WinTopo is a free product. For a freeware it is surprisingly well designed and easy to use. You can find a download site doing a google search, or just guess at the www...

Save in TIF or PNG. Try to avoid JPG, as that makes it harder for the r2v by kinda blurring the outline.
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I worked with a bloke who was using photography to create 3D drawings of very complex sites, like a wharf complete with pipwework & piling. You take a couple of photos from different angles, having a couple of points on the object marked for common reference. Then using a program which may have been a plug-in (I think) for Microstation - yeah, wrong NG ;) - you digitise the common points off the pics on screen, along with all other points you can see, and it builds the model for you.
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take
been
the
That sounds like Realviz ImageModeler. I've never tried the software, but have always wondered how well it works.
Michael (LS)
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the
can
Yes that rings a bell. The office was using it in all manner of jobs, complex wharf structure with no as-builts, to an internal pickup of a museum. Hard to reconcile the cost for run of the mill jobs though. As usual, the quality of the survey in collecting the common data points for reference was the make-or-break.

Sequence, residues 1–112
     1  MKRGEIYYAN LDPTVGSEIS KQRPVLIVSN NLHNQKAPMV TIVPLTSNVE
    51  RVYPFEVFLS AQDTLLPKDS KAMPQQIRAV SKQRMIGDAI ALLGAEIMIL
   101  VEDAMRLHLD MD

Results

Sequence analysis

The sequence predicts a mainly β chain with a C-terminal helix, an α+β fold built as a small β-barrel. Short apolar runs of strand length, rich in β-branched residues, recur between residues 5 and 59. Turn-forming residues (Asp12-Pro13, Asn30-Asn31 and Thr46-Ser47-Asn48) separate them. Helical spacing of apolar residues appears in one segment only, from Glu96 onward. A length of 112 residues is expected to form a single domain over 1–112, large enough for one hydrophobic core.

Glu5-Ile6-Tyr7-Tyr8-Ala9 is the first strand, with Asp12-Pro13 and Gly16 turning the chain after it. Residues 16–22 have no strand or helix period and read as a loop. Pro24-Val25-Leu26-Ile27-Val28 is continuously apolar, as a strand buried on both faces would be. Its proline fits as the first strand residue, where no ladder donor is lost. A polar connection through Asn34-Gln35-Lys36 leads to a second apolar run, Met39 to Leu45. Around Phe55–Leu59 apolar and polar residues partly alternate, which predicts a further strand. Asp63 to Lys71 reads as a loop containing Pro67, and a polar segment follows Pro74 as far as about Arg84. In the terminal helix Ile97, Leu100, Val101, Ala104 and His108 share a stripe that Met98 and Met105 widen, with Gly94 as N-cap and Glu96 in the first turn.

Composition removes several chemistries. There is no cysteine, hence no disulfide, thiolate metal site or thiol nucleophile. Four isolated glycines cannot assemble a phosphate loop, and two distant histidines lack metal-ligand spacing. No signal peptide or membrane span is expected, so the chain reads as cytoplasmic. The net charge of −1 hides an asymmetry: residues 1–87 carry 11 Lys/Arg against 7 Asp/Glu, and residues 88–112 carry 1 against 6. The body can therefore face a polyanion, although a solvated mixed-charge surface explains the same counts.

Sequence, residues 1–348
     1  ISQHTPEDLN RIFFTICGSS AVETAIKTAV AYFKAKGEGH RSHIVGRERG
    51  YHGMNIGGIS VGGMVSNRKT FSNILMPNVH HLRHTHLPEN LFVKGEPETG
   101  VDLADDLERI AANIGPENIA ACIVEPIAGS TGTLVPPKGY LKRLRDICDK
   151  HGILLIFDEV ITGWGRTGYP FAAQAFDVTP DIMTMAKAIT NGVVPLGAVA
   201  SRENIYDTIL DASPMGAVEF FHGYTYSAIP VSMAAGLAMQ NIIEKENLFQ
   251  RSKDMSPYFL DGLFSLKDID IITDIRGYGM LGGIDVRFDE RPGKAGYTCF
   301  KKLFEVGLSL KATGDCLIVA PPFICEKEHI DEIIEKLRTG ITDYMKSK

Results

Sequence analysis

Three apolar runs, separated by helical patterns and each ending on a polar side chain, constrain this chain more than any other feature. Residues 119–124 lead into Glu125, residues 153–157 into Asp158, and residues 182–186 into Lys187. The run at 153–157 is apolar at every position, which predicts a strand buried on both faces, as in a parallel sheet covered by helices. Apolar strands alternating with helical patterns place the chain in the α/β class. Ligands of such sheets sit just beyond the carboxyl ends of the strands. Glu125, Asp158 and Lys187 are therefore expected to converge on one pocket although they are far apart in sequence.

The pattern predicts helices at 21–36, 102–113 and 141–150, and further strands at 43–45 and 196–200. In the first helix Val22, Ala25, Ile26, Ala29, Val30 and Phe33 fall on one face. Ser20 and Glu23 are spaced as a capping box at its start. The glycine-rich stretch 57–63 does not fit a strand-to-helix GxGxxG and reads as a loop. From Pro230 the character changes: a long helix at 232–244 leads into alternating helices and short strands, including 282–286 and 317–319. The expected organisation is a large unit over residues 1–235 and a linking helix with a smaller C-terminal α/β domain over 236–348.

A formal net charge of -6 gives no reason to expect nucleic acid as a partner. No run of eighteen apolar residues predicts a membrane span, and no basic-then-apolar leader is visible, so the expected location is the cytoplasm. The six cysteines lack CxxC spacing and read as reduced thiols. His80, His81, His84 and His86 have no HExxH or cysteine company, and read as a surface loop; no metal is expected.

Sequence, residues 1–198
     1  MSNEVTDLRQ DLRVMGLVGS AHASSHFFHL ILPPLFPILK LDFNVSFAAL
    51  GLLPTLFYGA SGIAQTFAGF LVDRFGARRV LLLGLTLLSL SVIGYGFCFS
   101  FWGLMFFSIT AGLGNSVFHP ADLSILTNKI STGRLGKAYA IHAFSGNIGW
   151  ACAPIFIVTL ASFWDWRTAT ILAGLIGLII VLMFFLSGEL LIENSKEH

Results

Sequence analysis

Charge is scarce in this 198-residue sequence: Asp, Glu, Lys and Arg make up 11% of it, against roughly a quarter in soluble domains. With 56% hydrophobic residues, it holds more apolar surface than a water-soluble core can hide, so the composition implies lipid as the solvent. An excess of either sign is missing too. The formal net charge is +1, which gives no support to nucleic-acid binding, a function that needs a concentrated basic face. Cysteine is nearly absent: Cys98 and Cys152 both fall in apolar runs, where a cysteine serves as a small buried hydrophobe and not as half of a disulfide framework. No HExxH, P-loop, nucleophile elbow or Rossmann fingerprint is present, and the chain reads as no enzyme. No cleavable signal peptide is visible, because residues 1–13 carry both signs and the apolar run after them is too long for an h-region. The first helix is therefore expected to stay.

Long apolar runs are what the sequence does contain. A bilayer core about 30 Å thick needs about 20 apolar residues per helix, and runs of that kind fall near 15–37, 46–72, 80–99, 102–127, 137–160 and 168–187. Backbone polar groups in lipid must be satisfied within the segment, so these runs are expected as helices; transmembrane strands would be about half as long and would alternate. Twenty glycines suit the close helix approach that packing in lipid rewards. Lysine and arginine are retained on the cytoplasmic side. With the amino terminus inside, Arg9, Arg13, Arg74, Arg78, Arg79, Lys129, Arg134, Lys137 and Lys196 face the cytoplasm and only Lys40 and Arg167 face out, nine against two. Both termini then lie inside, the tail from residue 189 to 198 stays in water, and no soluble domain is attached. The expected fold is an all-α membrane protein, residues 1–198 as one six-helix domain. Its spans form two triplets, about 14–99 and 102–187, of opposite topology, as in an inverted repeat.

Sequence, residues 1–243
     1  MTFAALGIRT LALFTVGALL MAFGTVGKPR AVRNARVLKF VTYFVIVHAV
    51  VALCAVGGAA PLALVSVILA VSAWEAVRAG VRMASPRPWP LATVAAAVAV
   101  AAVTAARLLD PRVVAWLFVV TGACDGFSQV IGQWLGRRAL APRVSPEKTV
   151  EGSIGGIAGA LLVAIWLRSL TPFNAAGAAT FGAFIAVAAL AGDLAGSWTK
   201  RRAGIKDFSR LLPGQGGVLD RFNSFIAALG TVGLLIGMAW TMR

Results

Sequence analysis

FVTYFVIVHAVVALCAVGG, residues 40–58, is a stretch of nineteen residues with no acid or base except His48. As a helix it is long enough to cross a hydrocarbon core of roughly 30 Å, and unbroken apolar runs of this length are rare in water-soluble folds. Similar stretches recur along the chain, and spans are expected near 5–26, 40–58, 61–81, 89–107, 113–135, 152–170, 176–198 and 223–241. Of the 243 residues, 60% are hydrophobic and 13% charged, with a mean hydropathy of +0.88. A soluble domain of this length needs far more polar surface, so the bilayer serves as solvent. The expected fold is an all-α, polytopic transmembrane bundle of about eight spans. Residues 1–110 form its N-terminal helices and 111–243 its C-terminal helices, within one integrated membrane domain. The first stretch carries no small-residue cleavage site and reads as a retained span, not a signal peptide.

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made
form
of
machine.
of
have
digitise
but
Yeah, I do a lot of residential remodels and additions and have always wondered how well this software worked. Using 3DViz I can "camera match" a photo and add my model accurately to it, but boy would it be nice to be able to actually convert the photo INTO a model. Accuracy of data points isn't a problem for me since I have to measure everything in order to do the construction drawings, I have more than enough reference points.
Now, the question is, how easy is the software to learn and is it a good investment.....hmmmm.....
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You can have the parts digitized (sonic or laser) by many service bureaus or by buying the scanning device(s) for your own use. Many are available from $2500 to several hundred thousand USD. The 3D (point cloud) file can be saved as IGES and imported into most MCAD apps. Some will be able to convert directly to solid models. Do some googling for 3D digitizers. -Bill
ken wrote: